June 25 (UPI) -- With the help of a trio of Hawaiian telescopes, astronomers have imaged the 13-billion-year-old light of a distant quasar -- the second-most distant quasar ever found.
Scientists gave the new quasar an indigenous Hawaiian name, Pōniuāʻena, which means "unseen spinning source of creation, surrounded with brilliance." Researchers described the brilliant object in a new paper, which is available in preprint format online and will soon be published in the Astrophysical Journal Letters.
Quasars are like lighthouses, their beams hailing from far away in the ancient universe. Powered by supermassive black holes at the center of galaxies, quasars are some of the brightest objects in the universe.
As astronomers peer deeper into the cosmos, they're able to see what the universe was like during its earliest days. In this instance, the Pōniuāʻena's lighthouse-like beacon hails from a period when the universe was still in its infancy -- just 700 million years after the Big Bang.
The light of J1342+0928, a quasar spotted in 2018, is older and more distant, but the power and size of Pōniuāʻena is unmatched in the early universe. Spectroscopic observations of Pōniuāʻena, recorded by the Keck and Gemini observatories, revealed a supermassive black hole with a mass 1.5 billion times that of the sun.
"Pōniuāʻena is the most distant object known in the universe hosting a black hole exceeding one billion solar masses," lead study author Jinyi Yang, postdoctoral research associate at the University of Arizona's Steward Observatory, said in a news release.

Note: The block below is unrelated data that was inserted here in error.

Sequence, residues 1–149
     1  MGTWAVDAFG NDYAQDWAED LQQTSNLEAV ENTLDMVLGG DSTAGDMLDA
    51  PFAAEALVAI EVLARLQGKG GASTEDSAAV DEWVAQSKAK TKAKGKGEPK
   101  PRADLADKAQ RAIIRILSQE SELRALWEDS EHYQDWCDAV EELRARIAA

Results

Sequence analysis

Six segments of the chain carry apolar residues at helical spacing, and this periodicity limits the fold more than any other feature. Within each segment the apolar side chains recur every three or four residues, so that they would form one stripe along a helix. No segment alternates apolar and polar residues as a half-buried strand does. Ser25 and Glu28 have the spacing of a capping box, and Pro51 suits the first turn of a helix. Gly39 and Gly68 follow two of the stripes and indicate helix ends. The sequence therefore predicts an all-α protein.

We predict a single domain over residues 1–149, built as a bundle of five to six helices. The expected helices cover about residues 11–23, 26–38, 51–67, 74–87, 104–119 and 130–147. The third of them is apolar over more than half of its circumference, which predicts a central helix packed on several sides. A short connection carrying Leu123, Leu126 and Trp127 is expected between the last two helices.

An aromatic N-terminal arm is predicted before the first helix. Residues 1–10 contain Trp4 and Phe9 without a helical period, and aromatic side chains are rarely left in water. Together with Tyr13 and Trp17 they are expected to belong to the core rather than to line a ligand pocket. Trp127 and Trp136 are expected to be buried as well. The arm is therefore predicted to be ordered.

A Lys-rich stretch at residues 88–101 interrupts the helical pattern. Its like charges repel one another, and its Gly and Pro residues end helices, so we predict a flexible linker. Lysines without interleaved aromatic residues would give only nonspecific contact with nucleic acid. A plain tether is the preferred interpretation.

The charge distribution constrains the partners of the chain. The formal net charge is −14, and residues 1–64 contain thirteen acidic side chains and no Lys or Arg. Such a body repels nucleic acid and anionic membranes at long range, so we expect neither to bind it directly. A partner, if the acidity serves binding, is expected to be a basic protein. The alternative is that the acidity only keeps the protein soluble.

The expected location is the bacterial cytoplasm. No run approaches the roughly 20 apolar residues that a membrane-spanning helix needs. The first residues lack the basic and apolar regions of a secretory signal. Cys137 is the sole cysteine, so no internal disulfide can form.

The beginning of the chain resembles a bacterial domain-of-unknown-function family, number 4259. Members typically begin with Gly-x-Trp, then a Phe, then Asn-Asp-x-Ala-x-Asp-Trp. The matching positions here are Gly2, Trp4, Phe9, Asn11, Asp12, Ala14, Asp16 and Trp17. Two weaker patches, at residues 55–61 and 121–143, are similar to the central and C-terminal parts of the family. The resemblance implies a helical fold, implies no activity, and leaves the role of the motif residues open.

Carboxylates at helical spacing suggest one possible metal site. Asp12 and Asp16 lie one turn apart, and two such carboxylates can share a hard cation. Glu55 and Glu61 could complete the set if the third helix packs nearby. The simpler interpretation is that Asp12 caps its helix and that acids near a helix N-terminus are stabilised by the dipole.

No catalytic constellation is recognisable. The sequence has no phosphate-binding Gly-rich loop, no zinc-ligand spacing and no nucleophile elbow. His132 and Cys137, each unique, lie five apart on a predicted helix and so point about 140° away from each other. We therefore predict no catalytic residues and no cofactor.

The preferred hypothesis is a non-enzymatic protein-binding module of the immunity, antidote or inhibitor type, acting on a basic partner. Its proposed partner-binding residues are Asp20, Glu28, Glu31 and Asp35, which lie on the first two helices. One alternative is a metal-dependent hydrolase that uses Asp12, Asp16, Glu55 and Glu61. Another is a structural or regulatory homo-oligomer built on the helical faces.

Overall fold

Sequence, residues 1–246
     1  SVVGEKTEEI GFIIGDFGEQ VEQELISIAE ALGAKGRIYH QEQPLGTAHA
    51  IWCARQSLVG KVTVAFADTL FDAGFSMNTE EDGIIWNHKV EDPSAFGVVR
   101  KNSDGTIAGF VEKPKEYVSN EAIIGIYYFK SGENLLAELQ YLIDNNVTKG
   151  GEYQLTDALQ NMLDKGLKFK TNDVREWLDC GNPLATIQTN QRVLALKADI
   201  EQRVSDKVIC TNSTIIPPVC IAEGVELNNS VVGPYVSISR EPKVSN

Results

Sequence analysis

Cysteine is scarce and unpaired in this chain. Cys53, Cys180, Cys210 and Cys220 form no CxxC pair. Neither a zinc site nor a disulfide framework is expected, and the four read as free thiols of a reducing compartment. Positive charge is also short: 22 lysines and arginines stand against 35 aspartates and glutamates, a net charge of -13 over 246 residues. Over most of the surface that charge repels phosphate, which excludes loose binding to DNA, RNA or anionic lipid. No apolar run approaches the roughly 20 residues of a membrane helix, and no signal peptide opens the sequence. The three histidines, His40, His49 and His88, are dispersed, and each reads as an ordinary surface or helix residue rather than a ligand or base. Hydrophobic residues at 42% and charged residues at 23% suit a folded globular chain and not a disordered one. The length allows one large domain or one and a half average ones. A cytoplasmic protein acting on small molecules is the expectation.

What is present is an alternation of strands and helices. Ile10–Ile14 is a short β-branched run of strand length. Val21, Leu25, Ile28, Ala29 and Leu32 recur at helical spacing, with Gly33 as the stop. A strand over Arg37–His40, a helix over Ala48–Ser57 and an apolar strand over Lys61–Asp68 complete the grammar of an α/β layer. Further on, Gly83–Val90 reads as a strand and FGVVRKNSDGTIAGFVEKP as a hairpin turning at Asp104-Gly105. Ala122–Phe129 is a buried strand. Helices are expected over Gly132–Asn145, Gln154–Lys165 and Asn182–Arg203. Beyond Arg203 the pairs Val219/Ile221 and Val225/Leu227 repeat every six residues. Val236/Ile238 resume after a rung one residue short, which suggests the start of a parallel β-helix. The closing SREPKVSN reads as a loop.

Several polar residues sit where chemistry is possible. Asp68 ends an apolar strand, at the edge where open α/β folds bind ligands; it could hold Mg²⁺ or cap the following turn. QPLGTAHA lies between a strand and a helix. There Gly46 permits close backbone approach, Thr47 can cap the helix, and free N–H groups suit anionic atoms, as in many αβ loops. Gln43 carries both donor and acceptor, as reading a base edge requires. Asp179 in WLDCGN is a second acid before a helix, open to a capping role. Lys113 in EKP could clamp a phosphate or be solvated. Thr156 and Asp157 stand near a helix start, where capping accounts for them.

According to Yang and colleagues, for a black hole to grow to such a tremendous size so early in the history of the universe, it would have needed to start out as a 10,000 solar mass "seed" black hole, born no later than 100 million years after the Big Bang.
"How can the universe produce such a massive black hole so early in its history?" said Xiaohui Fan, associate head of the astronomy department at the University of Arizona. "This discovery presents the biggest challenge yet for the theory of black hole formation and growth in the early universe."
The light of distant objects, including quasars and massive galaxies in the early universe, can help scientists pinpoint the reionization of the universe. Astrophysicists estimate reionization occurred between 300 million years and one billion years after the Big Bang, but astronomers haven't been able to determine exactly when and how quickly it happened.
The phenomenon describes the ionization of hydrogen gas as the first stars, quasars, galaxies and black holes came into existence. Prior to the reionization, the universe was without distinct light sources. Diffuse light dominated, and most radiation was absorbed by neutral hydrogen gas.
"Poniua'ena acts like a cosmic lighthouse," said study co-author Joseph Hennawi, a cosmologist and an associate professor in the department of physics at the University of California, Santa Barbara. "As its light travels the long journey towards Earth, its spectrum is altered by diffuse gas in the intergalactic medium which allowed us to pinpoint when the Epoch of Reionization occurred."
Poniua'ena was initially spotted by a deep universe survey using the observations of the University of Hawai'i Institute for Astronomy's Pan-STARRS1 telescope on the Island of Maui. Later, scientists used the Gemini Observatory's GNIRS instrument, as well as the Keck Observatory's Near Infrared Echellette Spectrograph, to confirm the identify of Poniua'ena.
"The preliminary data from Gemini suggested this was likely to be an important discovery," said study co-author Aaron Barth, a professor in the physics and astronomy department at the University of California, Irvine. "Our team had observing time scheduled at Keck just a few weeks later, perfectly timed to observe the new quasar using Keck's NIRES spectrograph in order to confirm its extremely high redshift and measure the mass of its black hole."